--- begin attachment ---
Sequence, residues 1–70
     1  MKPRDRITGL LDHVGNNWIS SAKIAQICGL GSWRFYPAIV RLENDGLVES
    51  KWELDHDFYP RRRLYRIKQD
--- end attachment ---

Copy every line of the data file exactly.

Sequence, residues 1–70
     1  MKPRDRITGL LDHVGNNWIS SAKIAQICGL GSWRFYPAIV RLENDGLVES
    51  KWELDHDFYP RRRLYRIKQD